Exercise balls are popular pieces of fitness equipment. You can commonly see people doing core exercises with them or using them to add instability to exercises.
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But what about using them to improve your football skills and situaitonal awarness? Just recently, STACK posted an article about NFL teams using exercise balls on the field during training camp.
I’ve had great success using exercise balls on the field by throwing or rolling them toward athletes and forcing them to make split-second decisions to avoid the ball, which simulates how they have to react to unpredictable situations during games.
The logic behind this is what’s called cognitive training. Research has shown that systematic brain training can potentially improve a number of cognitive skills—problem solving, memory, attention, perception, reasoning, planning, judgment, general learning and overall executive functioning.
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In sports, exercise ball cognitive drills teach athletes to process information quickly, make rational decisions, and ignore and/or alter their course when unwanted distractions present themselves. For example, these drills help defenders make split and firm decisions more naturally by using the hands and the body—in addition to getting to the quarterback and/or running back, in addition to the opponent coming across the middle.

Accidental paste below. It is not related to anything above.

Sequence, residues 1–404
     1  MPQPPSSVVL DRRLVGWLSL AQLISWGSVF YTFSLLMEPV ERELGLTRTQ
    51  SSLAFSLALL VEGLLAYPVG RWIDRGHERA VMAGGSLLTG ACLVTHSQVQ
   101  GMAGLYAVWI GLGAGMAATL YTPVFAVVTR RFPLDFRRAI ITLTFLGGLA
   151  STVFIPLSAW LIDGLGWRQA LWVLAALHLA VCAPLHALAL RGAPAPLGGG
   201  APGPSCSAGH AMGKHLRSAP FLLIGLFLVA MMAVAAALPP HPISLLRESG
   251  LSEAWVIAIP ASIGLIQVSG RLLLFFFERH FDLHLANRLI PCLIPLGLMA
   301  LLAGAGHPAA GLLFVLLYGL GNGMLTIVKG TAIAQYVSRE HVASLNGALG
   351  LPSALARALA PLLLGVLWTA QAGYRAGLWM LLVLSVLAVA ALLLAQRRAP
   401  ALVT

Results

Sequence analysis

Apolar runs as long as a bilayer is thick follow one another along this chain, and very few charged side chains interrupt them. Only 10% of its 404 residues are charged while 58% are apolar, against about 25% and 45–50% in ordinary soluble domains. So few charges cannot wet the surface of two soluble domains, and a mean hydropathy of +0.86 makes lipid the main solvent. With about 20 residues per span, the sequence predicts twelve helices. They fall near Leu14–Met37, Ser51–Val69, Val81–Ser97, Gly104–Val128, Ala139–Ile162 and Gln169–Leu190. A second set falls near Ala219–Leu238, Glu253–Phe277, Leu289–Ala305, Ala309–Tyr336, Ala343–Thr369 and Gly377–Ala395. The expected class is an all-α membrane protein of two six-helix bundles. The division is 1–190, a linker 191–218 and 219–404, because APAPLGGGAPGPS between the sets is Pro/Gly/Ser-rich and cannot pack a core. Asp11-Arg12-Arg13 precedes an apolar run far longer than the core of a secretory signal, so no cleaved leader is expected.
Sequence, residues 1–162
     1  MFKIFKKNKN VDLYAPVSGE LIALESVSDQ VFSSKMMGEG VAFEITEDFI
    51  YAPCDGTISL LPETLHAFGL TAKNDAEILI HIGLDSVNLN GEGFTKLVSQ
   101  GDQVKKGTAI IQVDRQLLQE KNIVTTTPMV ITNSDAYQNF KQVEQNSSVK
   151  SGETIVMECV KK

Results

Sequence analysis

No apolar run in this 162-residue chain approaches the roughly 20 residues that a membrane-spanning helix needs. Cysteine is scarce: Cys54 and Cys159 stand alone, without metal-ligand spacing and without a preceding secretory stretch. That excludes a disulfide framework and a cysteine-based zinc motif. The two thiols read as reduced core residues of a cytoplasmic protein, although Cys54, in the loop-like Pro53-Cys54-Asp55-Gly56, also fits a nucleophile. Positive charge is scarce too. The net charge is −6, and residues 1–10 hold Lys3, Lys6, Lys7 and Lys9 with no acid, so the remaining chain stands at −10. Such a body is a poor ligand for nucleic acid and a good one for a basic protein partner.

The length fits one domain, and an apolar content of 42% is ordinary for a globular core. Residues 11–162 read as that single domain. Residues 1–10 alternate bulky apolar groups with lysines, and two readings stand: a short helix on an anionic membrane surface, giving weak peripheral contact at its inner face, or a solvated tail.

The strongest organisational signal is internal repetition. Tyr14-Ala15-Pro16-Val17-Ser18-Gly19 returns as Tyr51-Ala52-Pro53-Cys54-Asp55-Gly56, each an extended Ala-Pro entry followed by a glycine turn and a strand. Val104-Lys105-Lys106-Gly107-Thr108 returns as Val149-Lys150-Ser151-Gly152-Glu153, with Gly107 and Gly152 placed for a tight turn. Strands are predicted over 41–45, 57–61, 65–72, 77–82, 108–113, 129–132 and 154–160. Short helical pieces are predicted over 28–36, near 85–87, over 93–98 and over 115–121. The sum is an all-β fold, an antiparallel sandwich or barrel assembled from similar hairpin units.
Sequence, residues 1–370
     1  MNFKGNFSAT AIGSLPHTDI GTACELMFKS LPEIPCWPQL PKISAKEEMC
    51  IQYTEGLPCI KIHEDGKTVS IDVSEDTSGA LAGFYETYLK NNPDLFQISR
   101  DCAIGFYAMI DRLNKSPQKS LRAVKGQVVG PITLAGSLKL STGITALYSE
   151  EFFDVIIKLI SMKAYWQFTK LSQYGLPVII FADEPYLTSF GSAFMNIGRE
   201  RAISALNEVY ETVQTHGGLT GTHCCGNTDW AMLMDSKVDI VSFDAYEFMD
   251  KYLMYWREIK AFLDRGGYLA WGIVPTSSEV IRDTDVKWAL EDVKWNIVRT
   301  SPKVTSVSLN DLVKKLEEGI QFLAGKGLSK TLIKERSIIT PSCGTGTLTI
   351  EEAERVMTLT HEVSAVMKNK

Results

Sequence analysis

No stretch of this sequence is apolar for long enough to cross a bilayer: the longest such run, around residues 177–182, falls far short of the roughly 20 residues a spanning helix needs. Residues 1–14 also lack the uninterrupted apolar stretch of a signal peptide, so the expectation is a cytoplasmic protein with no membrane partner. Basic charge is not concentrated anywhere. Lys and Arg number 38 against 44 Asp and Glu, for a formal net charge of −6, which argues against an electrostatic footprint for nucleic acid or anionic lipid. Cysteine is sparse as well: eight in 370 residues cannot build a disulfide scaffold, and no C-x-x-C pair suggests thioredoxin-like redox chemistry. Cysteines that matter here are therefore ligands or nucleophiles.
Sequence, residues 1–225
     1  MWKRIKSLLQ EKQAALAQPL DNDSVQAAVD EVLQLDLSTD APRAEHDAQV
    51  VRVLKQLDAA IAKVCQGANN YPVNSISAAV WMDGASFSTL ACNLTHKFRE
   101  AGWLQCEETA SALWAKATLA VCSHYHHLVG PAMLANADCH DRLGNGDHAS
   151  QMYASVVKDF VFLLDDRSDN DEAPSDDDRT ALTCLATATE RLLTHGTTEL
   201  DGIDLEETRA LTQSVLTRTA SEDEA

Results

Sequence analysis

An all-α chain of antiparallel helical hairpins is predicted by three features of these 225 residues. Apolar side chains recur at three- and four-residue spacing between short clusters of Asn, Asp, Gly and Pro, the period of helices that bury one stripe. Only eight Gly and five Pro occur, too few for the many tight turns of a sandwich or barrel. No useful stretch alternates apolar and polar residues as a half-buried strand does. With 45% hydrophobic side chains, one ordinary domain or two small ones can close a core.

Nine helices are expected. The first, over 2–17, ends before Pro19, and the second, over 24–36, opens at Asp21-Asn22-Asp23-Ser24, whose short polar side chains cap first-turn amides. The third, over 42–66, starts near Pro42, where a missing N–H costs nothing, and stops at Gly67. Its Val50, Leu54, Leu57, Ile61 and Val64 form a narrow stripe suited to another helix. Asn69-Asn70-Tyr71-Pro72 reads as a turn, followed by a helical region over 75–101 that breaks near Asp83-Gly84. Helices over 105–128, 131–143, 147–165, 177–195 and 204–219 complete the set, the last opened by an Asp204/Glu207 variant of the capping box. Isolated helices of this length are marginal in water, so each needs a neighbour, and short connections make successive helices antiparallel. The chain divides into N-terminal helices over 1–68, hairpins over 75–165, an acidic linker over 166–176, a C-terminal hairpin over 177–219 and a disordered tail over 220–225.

Making split decisions is a must for all athletes. The athlete must dodge, weave and engage the exercise ball and mini-medicine balls, which encourages the use of creative skills, focus, attention to details, and speed in processing what their opponents will do, while making flexible decisions when their first plan of action does not work and altogether being able to move efficiently to engage their opponent.
Watch the video above to learn how to train your brain using exercise balls.
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Scott Barry Kaufman. “Quality content on creativity, innovation and imagination.” The Creativity Post. 20 November 2013, http://www.creativitypost.com/psychology new_cognitive_training_study_takes_on_the_critics. Accessed 02 September 2016.